Conventional mediastinal EUS is performed with gastrointestinal (GI) linear echoendoscopes with the patient in a left lateral position using midazolam or propofol sedation as previously described (see Chapter 6 ). In addition to a mediastinal nodal evaluation, the left adrenal gland (LAG) (a predilection site of distant metastases) and primary lung tumors (in case located adjacent to the esophagus) can be evaluated. A systematic investigation is advised. Lymph nodes and abnormalities are related to specific (vascular) landmarks such as aorta, pulmonary artery, left atrium, and the liver ( Fig. 7.1 EUS for lung cancer staging).

Fig. 7.1

The six endoscopic ultrasonography landmarks. LAG, Left adrenal gland.

(Courtesy of P. Clementsen, MD, PhD.)

Intrapulmonary Tumors (T) and Endoscopic Ultrasonography

Intrapulmonary tumors that are located adjacent to or near the esophagus can be visualized by EUS ( Fig. 7.2 ). After the primary tumor has been identified, real-time EUS-guided biopsy of the intrapulmonary lesion is possible (see Fig. 7.2 ). A meta-analysis showed that the average sensitivity of EUS FNA for diagnosing malignant intrapulmonary tumor is 92%. The risk of a pneumothorax is almost negligible.

Fig. 7.2

A 53-year-old smoker with suspected lung cancer in whom bronchoscopy did not establish a diagnosis. (A) Computed tomography of the chest demonstrating an intrapulmonary tumor (T) in the right upper lobe located adjacent to the esophagus (ES). (B) Corresponding endoscopic ultrasonography fine-needle aspiration image. Notice the needle (N) located in the tumor (T). (C) Cytology of fine-needle aspirate demonstrating a squamous cell carcinoma. AA, Aortic arch; Es, esophagus; L, compromised lung tissue.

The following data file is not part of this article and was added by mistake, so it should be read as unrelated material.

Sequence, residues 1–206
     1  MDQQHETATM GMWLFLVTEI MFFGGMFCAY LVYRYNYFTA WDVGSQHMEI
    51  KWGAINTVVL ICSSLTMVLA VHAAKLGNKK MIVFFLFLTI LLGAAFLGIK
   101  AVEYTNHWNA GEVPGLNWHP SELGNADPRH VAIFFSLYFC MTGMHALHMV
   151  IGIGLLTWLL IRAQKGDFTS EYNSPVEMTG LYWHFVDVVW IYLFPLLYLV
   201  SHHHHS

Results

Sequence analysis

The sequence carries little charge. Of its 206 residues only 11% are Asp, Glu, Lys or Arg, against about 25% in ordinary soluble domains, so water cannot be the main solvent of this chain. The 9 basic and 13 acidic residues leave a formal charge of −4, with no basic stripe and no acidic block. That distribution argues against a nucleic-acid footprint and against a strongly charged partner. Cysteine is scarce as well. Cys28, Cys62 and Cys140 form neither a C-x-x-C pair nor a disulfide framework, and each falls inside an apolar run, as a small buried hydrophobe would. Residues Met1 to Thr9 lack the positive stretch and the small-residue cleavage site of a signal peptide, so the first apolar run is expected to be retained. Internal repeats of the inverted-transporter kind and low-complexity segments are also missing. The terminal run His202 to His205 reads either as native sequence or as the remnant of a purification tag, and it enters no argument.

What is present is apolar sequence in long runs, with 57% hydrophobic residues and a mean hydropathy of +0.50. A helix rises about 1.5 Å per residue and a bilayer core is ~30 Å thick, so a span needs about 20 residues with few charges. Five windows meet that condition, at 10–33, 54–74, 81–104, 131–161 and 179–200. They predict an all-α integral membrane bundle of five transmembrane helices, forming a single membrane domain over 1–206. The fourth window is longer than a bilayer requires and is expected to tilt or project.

After the primary tumor has been identified, mediastinal tumor invasion (T4), (defined as invasion in the mediastinum, centrally located large vessels, or vertebrae), can be assessed ( Figs. 7.3 and 7.4 ). CT has limited sensitivity and specificity (<75%) for mediastinal invasion, and PET has no value in detecting T4 tumors because of its limited anatomic resolution. A large study evaluated the diagnostic value of EUS in the assessment of mediastinal/vascular tumor invasion (T4) in non–small cell lung cancer (NSCLC) patients whom additionally underwent surgical-pathologic staging. The sensitivity, specificity, negative predictive value (NPV), and positive predictive value (PPV) of EUS for diagnosing mediastinal/great vessel invasion were 42%, 95%, 83%, and 73%, respectively. The sensitivity, specificity, NPV, and PPV of chest CT for assessing T4 status were 76%, 61%, 88%, and 41%, respectively. Importantly, the combination of EUS and CT had an excellent specificity and PPV and NPV.

Fig. 7.3

Left upper lobe tumor (T) located adjacent to the aorta (AO). There are no signs of tumor invasion in the aorta (T4). Es, Esophagus; L, compromised lung tissue.

Fig. 7.4

Large cell carcinoma. (A) Centrally located large cell carcinoma (T) invading the mediastinum (M). (B and C) Centrally located left-sided tumor (T) invading the pulmonary artery (PA), with (C) and without (B) color Doppler. AO, Aorta; Es, esophagus; L, compromised lung tissue.

In conclusion, intrapulmonary tumors can be visualized and sampled safely by EUS FNA provided the tumors are located adjacent to the esophagus. In addition to establishing a tissue diagnosis, EUS can detect mediastinal tumor invasion, especially of vascular structures.

Mediastinal Nodal (N) Staging and Endoscopic Ultrasonography

Evaluation of the mediastinum by EUS should be performed in a standardized fashion (see Chapter 6 ) to examine all mediastinal lymph node stations that can be detected from the esophagus (see Fig. 7.1 ). We strongly favor this approach above the so-called hit-and-run approach, in which only a single PET avid or enlarged node is targeted. The EUS Assessment Tool (EUSAT) can be helpful for a structural assessment. This assessment tool scores performance on the following domains: scope introduction, nodal anatomy, and safe needle handling and tissue sampling. Lymph nodes should be described in relation to the anatomic (vascular) landmarks and given a number according to the tumor, node, metastasis (TNM) classification. After an initial orientation, enlarged (short axis >10 mm) or sonographically suspicious nodes should be sampled for biopsy, starting with contralateral (N3) nodes before ipsilateral (N2) lymph nodes in order to prevent upstaging.

Diagnostic Reach of Endoscopic Ultrasonography